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Differences in Generations
Old 03-25-2006, 07:07 PM   #1
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Differences in Generations

My boss is in his seventies, has worked since he was 7, and plans on working till he drops.

I'm in my twenties, have worked a few years, and plan on ER.

He'll have essentially worked an order of magnitude longer than I will.


God bless modernity! But seriously, we'll both be happy with our choices, and the freedom to make those choices is really wonderful.
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Re: Differences in Generations
Old 03-25-2006, 07:20 PM   #2
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Re: Differences in Generations

My "boss" (senior partner) is still working 4 days a week from 10-3 - when he isn't on a 6 week-long vacation. But hey - he's 78 - he deserves some vacation.

My dad just officially retired at 78 as well. Both of them were in their own small businesses since 1970. I cannot even imagine this.

After 15 years in this business I'm climbing the walls.
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Re: Differences in Generations
Old 03-25-2006, 07:41 PM   #3
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Re: Differences in Generations

I guess that I dont see as much of a difference in generations. The folks that I see continuing to work are normally the ones that have to support a lifestyle. I have one coworker in her early 60s that has to have the newest cell phone, suv, and has a crushing property tax bill and complains that she wants to retire but cant. :
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Re: Differences in Generations
Old 03-25-2006, 08:19 PM   #4
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Re: Differences in Generations

For the life of me, I cannot fathom the choice my boss (age ~45) has made. Don't get me wrong: I am very happy to be working for him. I have never been treated this weel, the work is always interesting and challenging, and I have a tremendous amount of respect for my boss. I just can't imagine making the same choices. My boss owns 50% of the company. He is *easily* a decamillionaire and seems not to live a particularly outlandish lifestyle given his net worth and income (drives a 4 YO Jeep despite the fact that he is likely worth a lot more than CFB and his pricey Lexus). Yet he clearly has no interest in hanging it up and getting on with like. Heck, he seems bent on a very ambitious plan that would end up with him (and me) working very hard for years to come. I suppose I should be glad, since it provides me with a lot of opportunity.

But I would most certainly not make the same choices.
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Re: Differences in Generations
Old 03-25-2006, 08:42 PM   #5
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Re: Differences in Generations

Well, it's a funny thing, being a "boss." I guess I would be referred to that way by about 75 people where I work, ranging from entry level to physicians. I don't think of myself that way, really, but that's more or less what they call me.

Point is that I find it very hard to not do myself what I expect in others. Not about putting in as many hours a day as you can, but it is about not leaving til the work is truly finished, holding a high standard of quality, coming in on a weekend if any unfinished business remains or if a patient might benefit (even if I am not on call).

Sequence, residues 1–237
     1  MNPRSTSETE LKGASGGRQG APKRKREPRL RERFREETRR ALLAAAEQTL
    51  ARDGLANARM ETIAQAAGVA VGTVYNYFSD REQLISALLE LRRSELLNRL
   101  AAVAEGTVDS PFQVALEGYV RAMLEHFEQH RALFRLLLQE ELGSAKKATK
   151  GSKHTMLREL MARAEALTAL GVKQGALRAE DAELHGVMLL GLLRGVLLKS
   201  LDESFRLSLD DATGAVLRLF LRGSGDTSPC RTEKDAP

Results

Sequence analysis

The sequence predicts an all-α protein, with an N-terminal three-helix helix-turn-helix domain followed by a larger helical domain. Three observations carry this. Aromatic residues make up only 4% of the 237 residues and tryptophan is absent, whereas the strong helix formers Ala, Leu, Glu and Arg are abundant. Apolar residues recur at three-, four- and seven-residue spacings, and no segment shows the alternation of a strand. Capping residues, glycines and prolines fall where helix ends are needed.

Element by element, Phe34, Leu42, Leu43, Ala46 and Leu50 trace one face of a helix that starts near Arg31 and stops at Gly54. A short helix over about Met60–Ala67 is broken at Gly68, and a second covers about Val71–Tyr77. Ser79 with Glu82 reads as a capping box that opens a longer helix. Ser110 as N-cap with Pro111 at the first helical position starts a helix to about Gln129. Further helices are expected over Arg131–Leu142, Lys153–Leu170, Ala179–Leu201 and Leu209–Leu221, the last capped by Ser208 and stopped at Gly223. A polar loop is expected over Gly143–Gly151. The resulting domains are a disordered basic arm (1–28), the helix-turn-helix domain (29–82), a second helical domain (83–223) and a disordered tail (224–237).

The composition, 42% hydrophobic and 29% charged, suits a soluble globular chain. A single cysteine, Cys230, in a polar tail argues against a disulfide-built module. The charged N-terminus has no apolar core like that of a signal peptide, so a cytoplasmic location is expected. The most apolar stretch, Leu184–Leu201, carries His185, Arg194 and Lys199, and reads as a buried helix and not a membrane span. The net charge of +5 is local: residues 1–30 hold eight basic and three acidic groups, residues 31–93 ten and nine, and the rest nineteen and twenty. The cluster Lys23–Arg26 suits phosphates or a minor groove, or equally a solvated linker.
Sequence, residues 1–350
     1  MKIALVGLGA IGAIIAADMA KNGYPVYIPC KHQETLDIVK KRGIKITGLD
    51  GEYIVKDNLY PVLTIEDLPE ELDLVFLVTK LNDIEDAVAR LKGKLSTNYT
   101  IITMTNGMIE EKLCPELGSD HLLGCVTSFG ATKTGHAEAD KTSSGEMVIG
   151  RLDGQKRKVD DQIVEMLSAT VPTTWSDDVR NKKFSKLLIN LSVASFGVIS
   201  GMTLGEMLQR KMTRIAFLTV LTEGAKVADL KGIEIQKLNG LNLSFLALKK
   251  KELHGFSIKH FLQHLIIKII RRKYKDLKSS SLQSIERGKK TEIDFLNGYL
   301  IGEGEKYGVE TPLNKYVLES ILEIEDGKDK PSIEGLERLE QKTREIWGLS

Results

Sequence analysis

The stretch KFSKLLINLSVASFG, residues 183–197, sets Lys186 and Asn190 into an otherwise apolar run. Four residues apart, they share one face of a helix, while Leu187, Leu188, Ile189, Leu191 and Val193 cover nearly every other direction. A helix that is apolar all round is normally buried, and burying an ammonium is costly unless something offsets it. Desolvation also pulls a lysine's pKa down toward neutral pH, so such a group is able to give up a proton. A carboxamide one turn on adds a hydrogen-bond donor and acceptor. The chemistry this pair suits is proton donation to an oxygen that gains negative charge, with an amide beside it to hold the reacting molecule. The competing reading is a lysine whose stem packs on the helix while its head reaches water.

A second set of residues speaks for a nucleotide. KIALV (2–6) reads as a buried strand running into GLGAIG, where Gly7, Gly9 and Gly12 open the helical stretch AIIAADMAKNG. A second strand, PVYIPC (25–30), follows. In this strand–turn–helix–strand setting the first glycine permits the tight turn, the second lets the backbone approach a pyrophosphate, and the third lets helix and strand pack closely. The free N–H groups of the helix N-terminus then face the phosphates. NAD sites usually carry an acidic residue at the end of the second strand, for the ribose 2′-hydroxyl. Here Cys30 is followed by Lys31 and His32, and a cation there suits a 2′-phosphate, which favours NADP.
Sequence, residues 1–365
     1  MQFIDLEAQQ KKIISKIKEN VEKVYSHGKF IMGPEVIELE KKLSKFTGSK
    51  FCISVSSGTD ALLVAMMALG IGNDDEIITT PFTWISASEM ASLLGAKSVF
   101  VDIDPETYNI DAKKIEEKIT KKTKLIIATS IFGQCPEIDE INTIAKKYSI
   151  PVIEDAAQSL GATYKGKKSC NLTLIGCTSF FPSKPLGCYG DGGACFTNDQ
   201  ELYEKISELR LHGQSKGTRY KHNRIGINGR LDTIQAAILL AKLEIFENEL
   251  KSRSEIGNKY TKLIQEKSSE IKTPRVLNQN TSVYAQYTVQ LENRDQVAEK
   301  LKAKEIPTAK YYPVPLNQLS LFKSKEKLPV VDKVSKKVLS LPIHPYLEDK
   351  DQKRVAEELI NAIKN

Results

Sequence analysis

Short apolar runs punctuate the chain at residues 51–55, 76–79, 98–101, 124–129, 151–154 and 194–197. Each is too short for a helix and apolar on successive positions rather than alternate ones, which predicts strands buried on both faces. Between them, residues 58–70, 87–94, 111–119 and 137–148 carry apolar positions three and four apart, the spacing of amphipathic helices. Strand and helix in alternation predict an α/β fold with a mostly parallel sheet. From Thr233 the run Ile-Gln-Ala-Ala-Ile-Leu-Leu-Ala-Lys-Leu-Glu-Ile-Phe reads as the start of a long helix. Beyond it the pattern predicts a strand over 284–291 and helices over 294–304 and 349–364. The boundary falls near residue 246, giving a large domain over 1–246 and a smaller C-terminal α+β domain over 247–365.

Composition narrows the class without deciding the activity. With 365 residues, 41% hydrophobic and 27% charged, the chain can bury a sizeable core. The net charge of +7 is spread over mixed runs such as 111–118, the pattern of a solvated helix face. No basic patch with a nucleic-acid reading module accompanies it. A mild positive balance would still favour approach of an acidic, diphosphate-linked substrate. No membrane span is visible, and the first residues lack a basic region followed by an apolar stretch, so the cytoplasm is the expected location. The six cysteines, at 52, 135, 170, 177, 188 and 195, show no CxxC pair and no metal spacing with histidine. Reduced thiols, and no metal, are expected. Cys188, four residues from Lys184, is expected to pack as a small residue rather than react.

I know it is my problem and everyone would "understand," but I find it hard to do otherwise. Partly cause I like the work, partly because I am a pushover, and partly cause I really do think it sets a positive example for my junior colleagues. Maybe that's why I am thinking that semi-retiring to a "smaller" job sounds so appealing. As long as I am "boss" I'll probably work my derriere off.

So maybe it's not a generational thing, but rather a seniority/authority thing.
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Re: Differences in Generations
Old 03-25-2006, 08:51 PM   #6
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Re: Differences in Generations

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Originally Posted by Rich_in_Tampa
So maybe it's not a generational thing, but rather a seniority/authority thing.
My oldest son is the same way. He has* about the same number of reportees, and he acts the same way- he is there or available until the work gets done. And of course, this is not life and death as in your line of work, but deadline stuff nevertheless.

Ha
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Re: Differences in Generations
Old 03-25-2006, 09:10 PM   #7
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Re: Differences in Generations

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Originally Posted by Rich_in_Tampa
So maybe it's not a generational thing, but rather a seniority/authority thing.
There's definitely some truth in that, but I don't think it's the whole story -- I'm just wrapping up now, 10 p.m. on a Saturday (minus a few posts on this board......). Also, I'm not sure what relation exists between that sort of responsibility, on the one hand, and going to work for a hundred years on the other......
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Re: Differences in Generations
Old 03-26-2006, 02:14 AM   #8
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Re: Differences in Generations

I think maybe it's just because you don't actually see early retiree's, but you see the other half all the time, because they are still working.*

Early Retiree's are far to busy for work, they are having way too much fun for that.

I think there may be a small difference in the generations but the gap probably isn't as wide as you think it is.
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Re: Differences in Generations
Old 03-26-2006, 02:14 PM   #9
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Re: Differences in Generations

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So maybe it's not a generational thing, but rather a seniority/authority thing.